The Glass Slipper Effect

"Romantic fairy tales", write psychologists Laurie Rudman and Jessica Heppen, "differ in the details but they can be summed up as, 'Once upon a time, a young maiden in dire straits was rescued by a wealthy man of royal birth. After sufficient tests of the maiden’s love and patience, she was crowned the man’s princess and lived happily ever after.'"

In a series of experiments, they found evidence suggesting that implicitly internalizing romantic fantasies is correlated with lowered ambition in women (but not in men):

"Implicit (but not explicit) romantic fantasies negatively predicted women’s interest in personal power, including projected income, education goal, interest in high-status jobs, and group leadership appeal. By contrast, men’s implicit romantic fantasies were not routinely linked to their interest in personal power. In concert, the findings are consistent with positing a 'glass slipper' effect for women that may be an implicit barrier to gender equity."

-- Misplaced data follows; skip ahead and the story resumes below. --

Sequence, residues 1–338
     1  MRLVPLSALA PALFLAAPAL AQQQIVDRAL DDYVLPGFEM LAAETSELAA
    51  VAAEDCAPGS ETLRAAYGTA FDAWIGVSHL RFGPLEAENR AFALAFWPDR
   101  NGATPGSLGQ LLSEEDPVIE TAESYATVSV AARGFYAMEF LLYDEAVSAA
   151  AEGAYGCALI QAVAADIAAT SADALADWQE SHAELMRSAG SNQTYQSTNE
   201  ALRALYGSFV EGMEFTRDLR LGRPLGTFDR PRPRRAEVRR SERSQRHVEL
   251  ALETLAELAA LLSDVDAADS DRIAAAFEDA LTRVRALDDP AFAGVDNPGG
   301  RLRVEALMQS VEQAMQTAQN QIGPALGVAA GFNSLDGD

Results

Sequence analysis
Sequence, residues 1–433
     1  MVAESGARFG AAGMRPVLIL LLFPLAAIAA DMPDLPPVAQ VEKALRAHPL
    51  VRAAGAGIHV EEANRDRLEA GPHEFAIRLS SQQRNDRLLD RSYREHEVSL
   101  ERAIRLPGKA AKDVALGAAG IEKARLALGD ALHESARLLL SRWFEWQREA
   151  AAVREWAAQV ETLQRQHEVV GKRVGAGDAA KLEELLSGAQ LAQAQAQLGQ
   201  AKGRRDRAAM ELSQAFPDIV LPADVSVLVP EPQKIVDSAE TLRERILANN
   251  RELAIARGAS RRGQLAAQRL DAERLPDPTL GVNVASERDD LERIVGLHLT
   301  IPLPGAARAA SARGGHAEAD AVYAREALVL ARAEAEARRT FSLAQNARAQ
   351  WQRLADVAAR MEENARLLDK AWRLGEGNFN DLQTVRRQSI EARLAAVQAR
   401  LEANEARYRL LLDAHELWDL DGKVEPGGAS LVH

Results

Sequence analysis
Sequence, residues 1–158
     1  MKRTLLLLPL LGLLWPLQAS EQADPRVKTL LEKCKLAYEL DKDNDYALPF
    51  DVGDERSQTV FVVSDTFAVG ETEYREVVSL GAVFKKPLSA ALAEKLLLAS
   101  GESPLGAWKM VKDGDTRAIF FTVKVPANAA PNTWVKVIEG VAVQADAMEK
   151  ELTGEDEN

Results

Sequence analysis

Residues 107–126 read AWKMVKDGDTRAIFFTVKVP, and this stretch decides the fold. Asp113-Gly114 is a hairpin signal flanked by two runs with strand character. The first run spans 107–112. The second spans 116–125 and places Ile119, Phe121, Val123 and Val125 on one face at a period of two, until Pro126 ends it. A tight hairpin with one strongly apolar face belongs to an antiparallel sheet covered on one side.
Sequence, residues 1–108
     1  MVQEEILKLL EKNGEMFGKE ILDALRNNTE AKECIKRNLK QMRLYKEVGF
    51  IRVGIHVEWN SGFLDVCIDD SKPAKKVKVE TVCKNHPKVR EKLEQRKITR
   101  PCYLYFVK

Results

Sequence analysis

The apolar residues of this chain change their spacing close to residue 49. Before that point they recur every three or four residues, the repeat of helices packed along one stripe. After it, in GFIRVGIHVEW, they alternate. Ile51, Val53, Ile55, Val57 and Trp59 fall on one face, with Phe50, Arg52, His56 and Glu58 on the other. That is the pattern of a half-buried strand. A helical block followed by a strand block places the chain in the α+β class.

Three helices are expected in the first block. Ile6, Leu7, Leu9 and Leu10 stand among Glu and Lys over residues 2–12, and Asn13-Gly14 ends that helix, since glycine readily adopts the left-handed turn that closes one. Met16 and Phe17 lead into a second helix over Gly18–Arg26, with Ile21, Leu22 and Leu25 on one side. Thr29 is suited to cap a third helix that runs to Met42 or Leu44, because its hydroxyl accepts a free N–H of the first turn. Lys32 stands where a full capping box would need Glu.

As a metaphysician, this is interesting to me in that it points at one of the strands in how the stories we tell about romantic love are connected to the real-life phenomenon. There is metaphysically interesting work to be done in nailing down the nature of that connection. (Is it causal? Constitutive? Common-cause?) But studies like Rudman and Heppen's at least suggest that it's an inadequate defence of romantic gender stereotyping--in fairy tales, video games, or anywhere else--to say "It's just a fiction". Fictions matter IRL. There's no "just" about it.